Profiles in Test: Jerry Lomurno, Eastern OptX
Janine Love: (Janine) why did you first get into this market/career?
Jerry Lomurno (Jerry): It all started with the US Air Force in the late 1960s. They determine what your aptitude is, so they figured it out for me and set me up with radar. Before I knew it, I was in charge of a radar site on Long Island, and my job was to tweak the radar to make it work at its best. In this position, I could buy all of the test equipment I wanted, but the frustration was that I still wasn’t able to calibrate range accuracy. I was dependent on sending an airplane out, having the pilot tell me where he was, and then I would look at the screen to see if it was the same.
What happened next for you professionally?
When I got out of the Air Force I went to work for GE in the calibration lab. Because of my background in radar they made me the microwave guy. While there, I developed a technique to adjust for range accuracy on missile’s surface fuze. I had to teach this technique to Air Force personnel all around the country. That’s when I first got the idea for the delay line. Wouldn’t it be neat if we could have a signal go into an instrument and come out the exact same way but at a later time? Later, I started my own manufacturer’s representative company, Eastern Instrumentation, because of my love of test equipment. In the 1990s, during the telecom boom we found ourselves dabbling in the fiber-optic market when I realized that because of low insertion loss of fiber-optic cable, we could spool many miles of F/O cable and create the delay line that I’d been dreaming about for years. I founded Eastern OptX in 1996 and started delivery of the systems in 1997. It has taken off nicely.
What do you find fascinating about engineering/avionics test?
When I look at virtually any high technology product, from smart phones to radar systems, I like to visualize how I might test it in order to verify that it operates per all of the specifications. I guess that is a hobby (or bad habit). I am lucky in that people actually pay me to do this.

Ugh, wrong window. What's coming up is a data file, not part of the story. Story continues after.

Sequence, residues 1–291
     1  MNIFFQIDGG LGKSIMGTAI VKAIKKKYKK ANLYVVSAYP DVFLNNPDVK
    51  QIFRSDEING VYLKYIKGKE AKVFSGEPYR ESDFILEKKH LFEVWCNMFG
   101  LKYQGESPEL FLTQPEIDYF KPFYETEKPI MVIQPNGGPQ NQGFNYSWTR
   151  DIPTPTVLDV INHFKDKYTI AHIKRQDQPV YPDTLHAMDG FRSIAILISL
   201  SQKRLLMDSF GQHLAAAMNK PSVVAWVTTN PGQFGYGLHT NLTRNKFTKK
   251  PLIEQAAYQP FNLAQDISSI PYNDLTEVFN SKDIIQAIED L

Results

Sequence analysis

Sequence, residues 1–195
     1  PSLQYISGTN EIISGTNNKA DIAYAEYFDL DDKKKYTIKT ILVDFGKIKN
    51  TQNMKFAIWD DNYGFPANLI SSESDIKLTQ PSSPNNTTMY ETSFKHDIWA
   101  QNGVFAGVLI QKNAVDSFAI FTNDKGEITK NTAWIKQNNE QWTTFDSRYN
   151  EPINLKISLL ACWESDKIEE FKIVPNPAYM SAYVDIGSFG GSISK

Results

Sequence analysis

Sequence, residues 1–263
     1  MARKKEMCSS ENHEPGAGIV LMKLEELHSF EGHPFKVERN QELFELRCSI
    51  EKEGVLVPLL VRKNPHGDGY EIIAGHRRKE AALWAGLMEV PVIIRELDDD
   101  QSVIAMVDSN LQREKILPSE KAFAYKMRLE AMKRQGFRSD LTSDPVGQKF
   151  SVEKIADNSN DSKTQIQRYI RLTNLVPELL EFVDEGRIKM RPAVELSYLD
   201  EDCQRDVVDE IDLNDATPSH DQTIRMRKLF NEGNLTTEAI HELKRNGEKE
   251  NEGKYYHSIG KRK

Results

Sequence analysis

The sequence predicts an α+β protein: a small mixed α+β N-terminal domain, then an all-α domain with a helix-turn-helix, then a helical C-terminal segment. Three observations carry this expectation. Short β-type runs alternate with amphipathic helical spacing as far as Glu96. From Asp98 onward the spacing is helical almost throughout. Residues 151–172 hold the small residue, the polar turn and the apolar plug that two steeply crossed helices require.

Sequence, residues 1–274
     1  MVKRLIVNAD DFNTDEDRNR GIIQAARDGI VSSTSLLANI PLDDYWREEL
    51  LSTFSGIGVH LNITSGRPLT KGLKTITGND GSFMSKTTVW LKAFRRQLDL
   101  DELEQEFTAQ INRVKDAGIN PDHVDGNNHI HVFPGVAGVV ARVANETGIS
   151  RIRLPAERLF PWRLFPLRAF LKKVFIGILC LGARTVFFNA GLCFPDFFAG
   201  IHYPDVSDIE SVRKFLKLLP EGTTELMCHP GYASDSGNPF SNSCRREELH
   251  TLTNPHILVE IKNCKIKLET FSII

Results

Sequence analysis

What has surprised you over the years in terms of technology?
The surprising thing for me is that many electrical engineers today believe that everything can be solved with digital techniques. I’d like to point out that analog is still alive and kicking. There are some good things coming out of the digital era; for example, the virtual/synthetic instruments (from NI and Aeroflex) have done an incredible job of allowing you to reconfigure instruments, which is a pleasant surprise. I’m also surprised that there have been advances in microwave over fiber. We are inspired by these developments and are trying to figure out a way to marry the best of synthetic instruments with some RF over fiber techniques to come up with some interesting instruments for avionics and general purpose test.
Can you give us an example?
You can take a virtual instrument on the front end of an altimeter tester (which will give you range), but there’s other things that you need to measure, such as phase noise, spurious, sweep linearity of the transmit signal, power levels, and receiver sensitivity. A good front-end virtual instrument in front of the delay simulation would be a winner for the industry, especially in the development labs. (Flight-line testers probably don’t care about spurious, etc., but development labs need more sophisticated testing).
What did you think we’d be able to do now that we still can’t?
#1: Has to do with RF over fiber adoption. You see, we can do some interesting things with RF over fiber, like take one single fiber and route 8, 16, or more (or fewer) RF signals over that one fiber using WDM technology. This means we could eliminate 16 RF cables, which would reduce weight and cost to a military system. The frustrating thing is the prime contractors and DOD are reluctant to pull that coaxial cable out and replace it with fiber. Probably could’ve been done three or four years ago, but we are not seeing the Prime contractors of the world grab this technique.
#2: In the 1980s, Al Schwartzman, a visionary at Lockheed, predicted that all the signal processing would be done right at the antenna without need for down conversion. We still aren’t quite there yet.
#3: You still can’t measure RF power to any degree of accuracy. Today, you can get a voltmeter to seven digits, but RF measurement for power is at 5% accuracy or worse. The problem is it is a very difficult measurement—mW or joules of energy at many different frequencies. In most cases, engineers look at their power meters and report the results confidently. But when you really look at the accuracy, it’s at 4-5%. I guess everyone is accustomed to living with that. I find the spec sheets from power meter vendors can be very misleading, so perhaps a lot of people think they are getting more accurate power measurements that they really are.
>>What’s next for avionics test?